Groups of investigators wishing to be considered for CIG status must submit a 1-2 page document to the Scientific Advisory Board (SAB) outlining the leadership, membership, research interests, sources of current funding, plans to utilize CICATS services and potential contributions to CICATS. The specific requirements include:
1. The team is transdisciplinary;
2. The science is translational;
3. The team is composed of senior and junior investigators;
4. Senior investigators must have a track record of funded research; and
5. The research plan is congruent with the research agenda of CICATS and the University of Connecticut.
Groups should include multiple researchers, represent multiple cores and be composed by researchers from affiliated institutions and from UConn Health. The CIG leader is the point of contact with the Gateway, the SAB and the relevant program core directors. CIGs are expected to meet as a group twice a year to share work-in-progress and to promote transdisciplinary collaboration, networking and innovation.
CICATS encourages participation by all clinical and translational researchers at UConn Health and its partnering institutions. To qualify for CIG status, transdisciplinary teams must include at least one junior and one senior researcher whose work focuses on a health or methodological domain. The CIG leader will be the contact person, and will report to the Scientific Advisory Board of CICATS.
Interested parties should submit a one-page letter describing the purpose of the CIG and how it will contribute to the mission of CICATS. The letter should indicate ways in which CICATS will contribute to the CIG and plans to use specific CICATS Cores and resources. The application letter also should include:
- A list of the faculty membership of the CIG, including rank and affiliation and an NIH biosketch for each participant.
- A brief statement of the disciplines represented by the CIG, and how the transdisciplinary team qualifies to be designated as a CIG (i.e., the health or methodological domain that will be the focus of the CIG and the participants’ research experience in that area).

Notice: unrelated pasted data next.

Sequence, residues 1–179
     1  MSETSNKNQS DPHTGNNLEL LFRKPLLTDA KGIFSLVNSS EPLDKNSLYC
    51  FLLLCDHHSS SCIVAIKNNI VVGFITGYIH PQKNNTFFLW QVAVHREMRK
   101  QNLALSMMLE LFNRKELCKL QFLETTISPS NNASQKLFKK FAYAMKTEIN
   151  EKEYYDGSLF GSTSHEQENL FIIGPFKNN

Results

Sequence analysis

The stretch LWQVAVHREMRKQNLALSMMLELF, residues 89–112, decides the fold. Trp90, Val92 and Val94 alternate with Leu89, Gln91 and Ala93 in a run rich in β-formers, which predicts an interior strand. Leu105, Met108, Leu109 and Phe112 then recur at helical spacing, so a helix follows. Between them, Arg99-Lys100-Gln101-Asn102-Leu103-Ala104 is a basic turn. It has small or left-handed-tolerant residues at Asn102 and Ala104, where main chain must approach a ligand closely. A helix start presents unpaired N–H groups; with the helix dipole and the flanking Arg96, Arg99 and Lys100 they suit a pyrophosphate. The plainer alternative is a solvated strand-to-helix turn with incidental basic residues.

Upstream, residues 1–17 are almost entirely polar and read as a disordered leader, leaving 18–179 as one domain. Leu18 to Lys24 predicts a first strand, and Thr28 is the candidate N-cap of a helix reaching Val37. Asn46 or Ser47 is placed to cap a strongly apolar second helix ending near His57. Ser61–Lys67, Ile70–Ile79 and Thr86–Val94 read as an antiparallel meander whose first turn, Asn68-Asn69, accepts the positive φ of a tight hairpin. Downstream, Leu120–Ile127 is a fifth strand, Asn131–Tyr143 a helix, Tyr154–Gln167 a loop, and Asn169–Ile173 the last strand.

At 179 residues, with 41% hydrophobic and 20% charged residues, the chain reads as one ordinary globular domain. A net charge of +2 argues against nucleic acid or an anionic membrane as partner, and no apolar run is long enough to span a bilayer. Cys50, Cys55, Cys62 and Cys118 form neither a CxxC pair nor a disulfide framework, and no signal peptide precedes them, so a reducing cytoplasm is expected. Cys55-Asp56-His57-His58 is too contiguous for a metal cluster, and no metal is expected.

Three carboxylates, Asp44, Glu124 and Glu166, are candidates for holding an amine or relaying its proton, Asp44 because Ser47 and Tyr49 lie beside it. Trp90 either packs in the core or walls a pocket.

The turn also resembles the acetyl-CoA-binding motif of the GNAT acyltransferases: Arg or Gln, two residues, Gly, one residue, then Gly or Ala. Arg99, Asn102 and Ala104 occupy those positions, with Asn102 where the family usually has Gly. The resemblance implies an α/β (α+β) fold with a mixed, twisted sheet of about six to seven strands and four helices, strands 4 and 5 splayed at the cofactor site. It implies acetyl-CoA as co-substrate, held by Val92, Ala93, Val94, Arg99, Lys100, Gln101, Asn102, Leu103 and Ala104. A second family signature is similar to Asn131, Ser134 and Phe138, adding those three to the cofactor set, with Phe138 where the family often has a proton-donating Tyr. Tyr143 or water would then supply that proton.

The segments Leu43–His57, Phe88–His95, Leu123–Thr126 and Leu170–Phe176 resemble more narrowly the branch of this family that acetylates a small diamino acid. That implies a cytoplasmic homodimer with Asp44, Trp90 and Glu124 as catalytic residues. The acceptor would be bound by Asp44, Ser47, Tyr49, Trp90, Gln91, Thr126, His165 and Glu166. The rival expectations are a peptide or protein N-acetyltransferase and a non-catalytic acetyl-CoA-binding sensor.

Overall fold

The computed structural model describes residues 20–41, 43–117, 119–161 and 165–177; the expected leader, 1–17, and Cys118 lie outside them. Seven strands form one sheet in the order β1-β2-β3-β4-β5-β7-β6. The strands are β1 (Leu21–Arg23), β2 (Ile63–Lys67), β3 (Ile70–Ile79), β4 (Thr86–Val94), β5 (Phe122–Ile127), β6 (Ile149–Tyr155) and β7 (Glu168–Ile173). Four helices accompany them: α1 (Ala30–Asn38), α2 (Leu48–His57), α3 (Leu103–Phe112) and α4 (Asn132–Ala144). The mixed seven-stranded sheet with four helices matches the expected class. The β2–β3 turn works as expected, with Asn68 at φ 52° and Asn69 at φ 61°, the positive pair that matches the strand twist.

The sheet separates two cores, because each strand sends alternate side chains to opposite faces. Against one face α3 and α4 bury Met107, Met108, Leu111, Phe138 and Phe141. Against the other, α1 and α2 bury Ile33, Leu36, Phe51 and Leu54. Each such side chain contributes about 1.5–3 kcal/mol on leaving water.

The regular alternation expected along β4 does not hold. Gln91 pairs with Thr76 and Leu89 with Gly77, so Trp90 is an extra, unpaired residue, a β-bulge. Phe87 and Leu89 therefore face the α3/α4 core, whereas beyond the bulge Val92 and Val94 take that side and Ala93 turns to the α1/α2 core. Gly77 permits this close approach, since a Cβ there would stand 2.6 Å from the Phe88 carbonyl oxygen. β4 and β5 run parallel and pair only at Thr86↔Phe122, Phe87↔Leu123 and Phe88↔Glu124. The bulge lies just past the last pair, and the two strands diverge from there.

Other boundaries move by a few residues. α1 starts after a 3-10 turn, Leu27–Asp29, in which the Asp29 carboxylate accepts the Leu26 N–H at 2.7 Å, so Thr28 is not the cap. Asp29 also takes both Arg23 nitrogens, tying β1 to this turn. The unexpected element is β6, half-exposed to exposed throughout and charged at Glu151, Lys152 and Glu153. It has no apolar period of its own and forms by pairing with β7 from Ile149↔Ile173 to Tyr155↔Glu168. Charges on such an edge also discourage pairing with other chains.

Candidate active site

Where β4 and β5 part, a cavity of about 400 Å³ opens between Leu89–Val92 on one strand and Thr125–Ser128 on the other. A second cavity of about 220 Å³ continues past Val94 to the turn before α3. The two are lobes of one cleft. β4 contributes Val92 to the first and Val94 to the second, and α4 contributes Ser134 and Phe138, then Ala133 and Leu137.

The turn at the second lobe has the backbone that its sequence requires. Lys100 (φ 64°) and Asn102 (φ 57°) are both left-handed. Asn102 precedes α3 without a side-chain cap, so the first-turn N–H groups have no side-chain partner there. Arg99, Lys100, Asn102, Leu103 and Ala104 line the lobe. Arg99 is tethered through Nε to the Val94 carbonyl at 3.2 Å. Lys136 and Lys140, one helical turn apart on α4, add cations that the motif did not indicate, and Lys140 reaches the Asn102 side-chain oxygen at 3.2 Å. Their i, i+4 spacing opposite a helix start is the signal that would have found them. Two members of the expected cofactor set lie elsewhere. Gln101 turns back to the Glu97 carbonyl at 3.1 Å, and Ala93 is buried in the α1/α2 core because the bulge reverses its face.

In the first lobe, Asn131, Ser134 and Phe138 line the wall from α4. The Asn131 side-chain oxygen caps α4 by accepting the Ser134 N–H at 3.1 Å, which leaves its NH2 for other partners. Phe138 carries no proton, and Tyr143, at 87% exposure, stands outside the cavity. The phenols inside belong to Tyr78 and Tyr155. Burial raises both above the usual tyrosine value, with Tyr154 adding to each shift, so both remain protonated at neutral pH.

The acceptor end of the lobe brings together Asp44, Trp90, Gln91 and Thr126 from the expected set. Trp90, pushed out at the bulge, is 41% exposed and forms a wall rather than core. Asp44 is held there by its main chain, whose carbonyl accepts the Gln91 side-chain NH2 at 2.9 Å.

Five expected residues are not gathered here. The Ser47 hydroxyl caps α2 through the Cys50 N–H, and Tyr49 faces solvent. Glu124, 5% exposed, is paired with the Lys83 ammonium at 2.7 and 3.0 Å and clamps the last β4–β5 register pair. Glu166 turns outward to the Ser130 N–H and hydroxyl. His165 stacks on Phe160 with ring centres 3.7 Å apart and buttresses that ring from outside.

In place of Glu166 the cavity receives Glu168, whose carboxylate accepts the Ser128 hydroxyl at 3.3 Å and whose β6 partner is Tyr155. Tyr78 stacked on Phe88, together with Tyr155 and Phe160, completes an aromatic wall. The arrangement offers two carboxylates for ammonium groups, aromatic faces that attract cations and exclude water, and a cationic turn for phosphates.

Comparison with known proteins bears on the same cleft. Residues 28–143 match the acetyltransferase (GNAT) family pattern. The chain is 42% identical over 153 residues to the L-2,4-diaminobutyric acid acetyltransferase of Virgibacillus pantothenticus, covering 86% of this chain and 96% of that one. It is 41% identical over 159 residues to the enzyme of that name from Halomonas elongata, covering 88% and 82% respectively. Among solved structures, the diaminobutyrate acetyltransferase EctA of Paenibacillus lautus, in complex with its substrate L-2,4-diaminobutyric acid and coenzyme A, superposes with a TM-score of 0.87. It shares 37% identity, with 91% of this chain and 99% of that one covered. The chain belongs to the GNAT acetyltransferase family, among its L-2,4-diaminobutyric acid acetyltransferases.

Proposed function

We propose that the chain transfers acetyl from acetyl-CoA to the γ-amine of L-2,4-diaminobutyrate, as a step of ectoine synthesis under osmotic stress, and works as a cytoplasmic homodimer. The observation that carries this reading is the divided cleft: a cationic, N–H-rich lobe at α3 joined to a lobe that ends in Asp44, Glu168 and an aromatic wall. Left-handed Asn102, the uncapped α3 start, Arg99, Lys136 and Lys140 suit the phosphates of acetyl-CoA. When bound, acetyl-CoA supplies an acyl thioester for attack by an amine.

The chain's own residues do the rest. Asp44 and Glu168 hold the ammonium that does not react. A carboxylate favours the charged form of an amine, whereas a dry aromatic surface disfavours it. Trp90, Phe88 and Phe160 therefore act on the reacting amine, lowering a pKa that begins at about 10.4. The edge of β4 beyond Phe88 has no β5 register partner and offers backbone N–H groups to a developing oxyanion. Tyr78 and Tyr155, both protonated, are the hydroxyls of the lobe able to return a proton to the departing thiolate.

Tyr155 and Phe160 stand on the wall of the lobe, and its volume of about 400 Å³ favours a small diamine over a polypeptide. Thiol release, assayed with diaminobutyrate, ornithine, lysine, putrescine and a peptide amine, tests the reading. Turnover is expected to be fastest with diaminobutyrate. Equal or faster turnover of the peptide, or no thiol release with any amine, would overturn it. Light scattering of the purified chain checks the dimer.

Several benefits will be afforded to CIGs within the CICATS structure to foster interdisciplinary collaboration and productive outcomes. CIGs will be featured prominently in CICATS and have access to selected resources of CICATS, including those in the Gateway. Sponsoring cores will offer pre- and post-award support in UConn service centers (e.g., The Ethel Donaghue TRIPP Center). These benefits include:
- Custom pre- and post-award services
- Assistance from designated Investigator Advocates and CICATS staff
- Feedback on work in progress
- Institutional prominence as leaders in clinical and translational research
- Funding of pilot awards based on SAC review and Adjudication Committee review
CIGs will provide in-kind educational support to CICATS each year. Examples of activities that might meet these requirements include:
- Hosting at least one (1) seminar to share their CICATS research or teaching/lecturing in at least one class in the Master’s in Clinical and Translation Research program each year on innovative research methods and findings;
- Consulting with new investigators in the Design Laboratory; and
- Mentoring junior faculty and trainees.
This in-kind support provided by CIG faculty will increase the visibility of CICATS and promote the practice of multidisciplinary research to regional stakeholders. Moreover, it will provide excellent training opportunities for students, residents, fellows and junior researchers, and increase interest and participation of new researchers and clinicians in translational science. Each CIG will submit a plan for providing this support each year to the SAB, along with an annual progress report documenting their in-kind activities. Plans will be reviewed and monitored by the SAB, which will consider this information when deciding to renew CIG status.